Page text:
Liked by 2 people

    • Those are such good points, and I couldn’t agree more! The porn industry certainly has it’s faults, many of them in fact, and one of the ones that worries me the most is how non-consensual sexual behaviours are normalised. That, in my opinion, is never okay and I do completely understand your point about what people may take away from this type of pornography. It is definitely something that needs to be more regulated, both as an industry and what is produced, but I still don’t think it is as simple as being an evil in the way that it is often portrayed! Thanks so much for your comment, and it has definitely made me think about what type of conversation it could bring about. Even though, to be honest, at the moment I think any type of conversation would be helpful!

      Liked by 2 people

      • I definitely agree a conversation needs to happen and now! 🙂 Perhaps the conversation is the way to get a more regulated, safe pornography industry into existence. Two birds with one stone!

        Liked by 2 people

    • Thanks! I know, it surprised me too… but I guess it goes to show that it really is a normal thing to be going on these sites and so we should be able to have normal conversations about it in order to make sure it is having a positive and constructive effect rather than a negative one! Thanks again for your comment 🙂

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  2. I like your perspective on porn (somewhat weird to say). I remember the other day talking about “why”s of porn. What they show, what people desire, and how it’s talked about. I can’t emphasise more on the importance of communication. Thanks!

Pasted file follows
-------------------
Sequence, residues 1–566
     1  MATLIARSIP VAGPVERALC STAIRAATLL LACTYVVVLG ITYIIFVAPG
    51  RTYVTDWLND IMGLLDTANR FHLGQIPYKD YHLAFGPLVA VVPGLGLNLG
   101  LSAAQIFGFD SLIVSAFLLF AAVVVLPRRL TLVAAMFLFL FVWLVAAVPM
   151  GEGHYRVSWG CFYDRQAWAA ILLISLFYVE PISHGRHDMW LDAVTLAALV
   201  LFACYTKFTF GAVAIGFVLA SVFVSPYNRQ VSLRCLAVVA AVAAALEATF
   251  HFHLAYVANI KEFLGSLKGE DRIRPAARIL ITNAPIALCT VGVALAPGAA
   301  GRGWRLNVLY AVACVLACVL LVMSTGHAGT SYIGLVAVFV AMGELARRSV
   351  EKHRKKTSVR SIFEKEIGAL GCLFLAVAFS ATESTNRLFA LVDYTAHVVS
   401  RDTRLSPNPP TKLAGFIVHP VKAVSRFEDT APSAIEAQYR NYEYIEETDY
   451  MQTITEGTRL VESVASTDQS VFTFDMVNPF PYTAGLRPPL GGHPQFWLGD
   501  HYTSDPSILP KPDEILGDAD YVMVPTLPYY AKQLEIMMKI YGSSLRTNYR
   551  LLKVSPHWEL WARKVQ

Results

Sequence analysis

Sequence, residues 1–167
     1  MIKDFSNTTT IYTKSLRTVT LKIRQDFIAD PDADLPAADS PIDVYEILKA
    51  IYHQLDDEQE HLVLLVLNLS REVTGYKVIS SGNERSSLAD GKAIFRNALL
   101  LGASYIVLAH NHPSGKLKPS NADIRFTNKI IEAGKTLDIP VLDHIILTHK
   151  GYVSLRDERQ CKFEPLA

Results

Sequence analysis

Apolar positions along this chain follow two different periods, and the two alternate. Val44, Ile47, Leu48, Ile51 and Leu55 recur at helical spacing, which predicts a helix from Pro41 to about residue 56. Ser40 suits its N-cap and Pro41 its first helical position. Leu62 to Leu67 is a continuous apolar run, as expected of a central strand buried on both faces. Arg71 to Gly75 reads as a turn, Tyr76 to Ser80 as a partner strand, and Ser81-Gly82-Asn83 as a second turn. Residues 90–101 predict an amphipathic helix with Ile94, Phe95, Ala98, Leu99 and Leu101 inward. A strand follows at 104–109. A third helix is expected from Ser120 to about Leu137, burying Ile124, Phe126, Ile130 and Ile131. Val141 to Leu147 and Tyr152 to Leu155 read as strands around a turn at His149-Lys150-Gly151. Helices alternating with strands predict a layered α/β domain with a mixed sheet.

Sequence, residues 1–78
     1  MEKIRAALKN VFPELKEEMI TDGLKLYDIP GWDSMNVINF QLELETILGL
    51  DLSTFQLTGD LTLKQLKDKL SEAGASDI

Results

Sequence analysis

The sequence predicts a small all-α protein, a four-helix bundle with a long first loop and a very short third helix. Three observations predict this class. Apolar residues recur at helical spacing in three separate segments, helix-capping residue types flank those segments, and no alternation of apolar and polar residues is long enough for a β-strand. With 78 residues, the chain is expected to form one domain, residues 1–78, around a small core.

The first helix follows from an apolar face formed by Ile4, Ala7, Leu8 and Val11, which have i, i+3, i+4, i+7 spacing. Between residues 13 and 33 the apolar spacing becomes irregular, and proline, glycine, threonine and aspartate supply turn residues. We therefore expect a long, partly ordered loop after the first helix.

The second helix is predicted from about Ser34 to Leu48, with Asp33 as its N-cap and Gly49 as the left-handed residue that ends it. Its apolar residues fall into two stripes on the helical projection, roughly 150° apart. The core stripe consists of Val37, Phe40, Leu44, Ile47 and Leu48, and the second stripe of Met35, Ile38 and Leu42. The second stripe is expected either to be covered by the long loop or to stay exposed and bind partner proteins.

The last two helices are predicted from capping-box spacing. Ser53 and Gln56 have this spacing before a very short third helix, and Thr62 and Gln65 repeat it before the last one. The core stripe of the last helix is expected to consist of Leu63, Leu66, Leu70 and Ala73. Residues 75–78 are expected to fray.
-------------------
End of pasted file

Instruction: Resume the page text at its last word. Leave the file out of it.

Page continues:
Liked by 1 person

    • Haha thank you! I won’t lie, it felt weird to be writing the title “My porn series” but I guess if we feel weird about it and can work through that then we are achieving the desired effect of generating a conversation about it! Ooh the “why’s” of porn sounds like an interesting discussion – let me know if you write something on it because I would love to read it! Thanks again for your comment 🙂

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  3. I cannot help but think of this from a teacher perspective. I work with a lot of teens who display characteristics of unhealthy relationships with their bf/gfs, and have also expressed rather concerning opinions about sex and relationships. I think your point about opening the lines of communication is so important, and I think we need to move past the shame and taboo of talking about porn.

    Liked by 1 person

    • Thank you so much for your comment. I couldn’t agree more, when I was at school it wasn’t really an open topic for discussion and I think this majorly contributed to people have unhealthy opinions and attitudes towards sex and relationships. It is so important to discuss sex, porn, relationships, and everything that goes along with it, in any way I think. The opinion doesn’t matter so much as providing an open, honest and shame-free forum. Thanks again for your comment, it is interesting to have someone from a different perspective share their thoughts on the topic!